Before beginning this post, I want to extend my deepest condolences to the people of Paris and of France. In the wake of these terrible attacks, I’ve had a hard time focusing on the prompt. But, here goes--
I offer today an exercise. (I hope everyone has on their work-out clothes.)
Writers’ block. The absent muse. A vacuum in the head--or the opposite--so much going on up there that there is no blank mental space. Worst of all -- a lack of faith that one’s ideas are worth setting onto the page.
series of blog posts about them, but I am certainly no expert. All I can say is that for me, these are moments when a writing exercise may work as a kind of jump-start.
Essentially, the exercise is to make yourself write for a short and specific amount of time. As part of this forced timed writing, you are required (i) to move you pen across the page without stopping, and (ii) to not go back and cross anything out (until the time is through.)
I tend to advocate a pen for this part of the exercise, but you certainly are welcome to try it on a computer. A computer seems more difficult, however, because the screen is a lot like a mirror--what you have just written stares back at you and can make it difficult to forge unself-consciously ahead--
Okay, so, here’s the exercise, if you wish to participate.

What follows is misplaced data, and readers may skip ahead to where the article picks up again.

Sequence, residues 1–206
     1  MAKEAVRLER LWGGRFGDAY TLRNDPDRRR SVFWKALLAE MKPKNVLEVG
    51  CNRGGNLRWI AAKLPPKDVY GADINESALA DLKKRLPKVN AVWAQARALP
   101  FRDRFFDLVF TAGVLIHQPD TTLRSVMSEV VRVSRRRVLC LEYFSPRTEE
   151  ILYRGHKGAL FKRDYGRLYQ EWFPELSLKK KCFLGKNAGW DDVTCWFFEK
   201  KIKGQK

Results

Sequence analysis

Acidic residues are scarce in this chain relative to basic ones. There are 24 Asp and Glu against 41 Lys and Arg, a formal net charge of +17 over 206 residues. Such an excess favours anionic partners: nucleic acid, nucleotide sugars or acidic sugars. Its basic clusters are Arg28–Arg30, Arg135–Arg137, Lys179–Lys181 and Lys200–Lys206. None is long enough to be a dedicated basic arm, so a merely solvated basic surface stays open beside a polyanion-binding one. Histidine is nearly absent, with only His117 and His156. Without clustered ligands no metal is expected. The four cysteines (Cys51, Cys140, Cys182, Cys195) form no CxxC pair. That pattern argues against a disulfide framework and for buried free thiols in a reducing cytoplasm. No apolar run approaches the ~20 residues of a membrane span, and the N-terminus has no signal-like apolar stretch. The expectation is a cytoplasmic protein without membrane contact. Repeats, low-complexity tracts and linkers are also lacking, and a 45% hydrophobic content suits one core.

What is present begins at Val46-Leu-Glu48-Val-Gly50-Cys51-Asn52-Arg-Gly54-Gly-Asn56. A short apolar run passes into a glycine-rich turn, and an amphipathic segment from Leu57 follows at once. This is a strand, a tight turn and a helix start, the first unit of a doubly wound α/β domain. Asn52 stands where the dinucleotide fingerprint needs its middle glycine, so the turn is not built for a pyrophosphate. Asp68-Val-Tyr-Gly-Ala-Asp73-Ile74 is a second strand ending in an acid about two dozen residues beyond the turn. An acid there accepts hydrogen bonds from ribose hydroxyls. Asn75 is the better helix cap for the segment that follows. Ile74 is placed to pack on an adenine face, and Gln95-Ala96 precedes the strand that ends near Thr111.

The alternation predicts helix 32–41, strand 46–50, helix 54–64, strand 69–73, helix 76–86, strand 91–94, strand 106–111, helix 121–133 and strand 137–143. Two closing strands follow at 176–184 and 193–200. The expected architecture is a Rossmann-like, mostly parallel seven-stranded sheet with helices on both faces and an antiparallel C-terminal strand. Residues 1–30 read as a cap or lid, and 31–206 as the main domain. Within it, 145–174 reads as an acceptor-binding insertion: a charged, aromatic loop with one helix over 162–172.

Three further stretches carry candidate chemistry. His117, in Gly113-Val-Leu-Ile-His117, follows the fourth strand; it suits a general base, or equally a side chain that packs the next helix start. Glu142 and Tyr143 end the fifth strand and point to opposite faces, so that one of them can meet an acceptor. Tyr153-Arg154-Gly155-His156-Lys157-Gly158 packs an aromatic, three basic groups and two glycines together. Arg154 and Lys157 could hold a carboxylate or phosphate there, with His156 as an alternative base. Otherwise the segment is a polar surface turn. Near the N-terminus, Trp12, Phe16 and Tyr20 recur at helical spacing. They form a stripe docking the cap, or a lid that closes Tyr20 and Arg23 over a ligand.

The starting point is : “I remember” or “I don’t remember." (Feel free to use the third person instead, thinking of he or she remembers, or doesn’t remember.)
With these words in your head, sit down somewhere where you will not be interrupted, and write for seven minutes with a timer.
You should start writing immediately once you set your timer, and keep your pen moving until its little ping.
If you cannot think of something to write, write down “I cannot think of what to write,” and “I still can’t think of what to write.” Just keep your pen, or fingers (or whatever you use to write) moving.
At the end of your 7 minutes, read what you’ve written (or not.) Then take that piece or take the place you are in and and use it as a springboard for your poem. Your initial text is not your poem, but just a peephole into it.
Your final poem (or draft if you are me!) can be made up of edited snippets of your initial text, or it can be completely different. (Maybe what you wrote opened a vein and you want to move on from there. ) Again, the forced timed text should merely be a springboard, not your poem.
Note that you can stop and think about your poem! In fact, you are encouraged to stop and think about your poem! However, keep in mind that the whole thing is still just an exercise. Meaning, don't overly judge yourself!
To sum up--take seven minutes to write down what you remember or do not remember in this very instant--what comes actually to mind right now and for the minutes that your pen moves.Then take another little bit of time to turn that exercise into a poem.
Keep in mind that the word “remember” does not need to be in your poem. The only thing you DO need to remember is to visit your fellow poets! (Also--I am not asking anyone to post their timed write here--you should feel completely private about that.)
Finally, finally (!) if all this just seems to laborious--and it is-- just write a poem on the prompt.
(Only, if you don't do the exercise, maybe don't tell me! Ha!) (All pics are mine--feel free to use crediting Karin Gustafson, a/k/a Manicddaily.)